The Buzz on Energy Drinks – Tufts

The latest market data show a continued rise in demand for energy drinks—beverages that promise things like increased energy, improved mood, and sharper mental acuity. Medical records show adverse events related to these drinks are on the rise as well, according to the Health & Nutrition Letter of Tufts University.

Typical Ingredients: Most energy drinks contain caffeine, and many contain multiple stimulants. The Food and Drug Administration (FDA) doesn’t define the term “energy drink,” which means manufacturers can decide whether to label their products as dietary supplements or beverages. For beverages, manufacturers must abide by the FDA’s safety limits for ingredients like caffeine. Dietary supplements are not regulated, so there are essentially no safety guidelines.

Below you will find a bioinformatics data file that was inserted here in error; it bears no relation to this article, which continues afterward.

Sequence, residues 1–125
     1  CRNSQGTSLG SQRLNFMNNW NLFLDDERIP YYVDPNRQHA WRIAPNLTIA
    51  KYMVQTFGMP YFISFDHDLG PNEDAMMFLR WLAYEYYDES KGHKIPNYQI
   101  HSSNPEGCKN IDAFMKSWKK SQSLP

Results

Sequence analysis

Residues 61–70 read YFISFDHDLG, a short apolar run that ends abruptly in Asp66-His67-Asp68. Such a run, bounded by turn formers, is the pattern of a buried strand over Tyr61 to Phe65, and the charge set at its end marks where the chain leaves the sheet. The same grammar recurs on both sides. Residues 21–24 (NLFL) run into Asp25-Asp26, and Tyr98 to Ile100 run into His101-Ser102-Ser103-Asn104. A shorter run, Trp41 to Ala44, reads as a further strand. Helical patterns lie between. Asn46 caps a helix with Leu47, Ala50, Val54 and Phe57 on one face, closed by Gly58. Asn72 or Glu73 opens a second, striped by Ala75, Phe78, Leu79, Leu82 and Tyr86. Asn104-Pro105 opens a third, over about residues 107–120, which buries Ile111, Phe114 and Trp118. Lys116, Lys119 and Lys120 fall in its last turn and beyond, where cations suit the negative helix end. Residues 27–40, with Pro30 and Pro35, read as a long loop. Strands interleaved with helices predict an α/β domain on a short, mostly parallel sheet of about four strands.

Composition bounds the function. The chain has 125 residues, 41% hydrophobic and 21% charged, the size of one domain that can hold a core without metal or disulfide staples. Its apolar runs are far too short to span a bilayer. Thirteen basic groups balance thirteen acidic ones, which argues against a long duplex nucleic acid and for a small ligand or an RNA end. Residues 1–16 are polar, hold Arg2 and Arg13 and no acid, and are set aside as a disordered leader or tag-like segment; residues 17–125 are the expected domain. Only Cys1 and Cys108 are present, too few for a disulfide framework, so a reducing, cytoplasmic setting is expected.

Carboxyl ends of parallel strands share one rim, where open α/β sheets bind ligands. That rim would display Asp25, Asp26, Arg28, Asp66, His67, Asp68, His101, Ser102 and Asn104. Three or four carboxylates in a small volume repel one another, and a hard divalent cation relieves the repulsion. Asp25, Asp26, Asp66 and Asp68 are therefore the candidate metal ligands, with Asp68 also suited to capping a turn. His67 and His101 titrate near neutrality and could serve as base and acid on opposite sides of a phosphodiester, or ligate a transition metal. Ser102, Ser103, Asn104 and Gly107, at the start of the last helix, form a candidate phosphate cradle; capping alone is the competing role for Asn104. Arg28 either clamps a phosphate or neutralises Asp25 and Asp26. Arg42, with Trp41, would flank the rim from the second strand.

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2 responses to “The Buzz on Energy Drinks – Tufts

  1. Good tips for alternative to energy drinks. My experience is they can be quite addictive- they soon become relied on daily to boost energy.
    Also a useful breakdown of what is actually in them, you see things like taurine mentioned on the label, but never knew what they all actually were.

    Liked by 1 person

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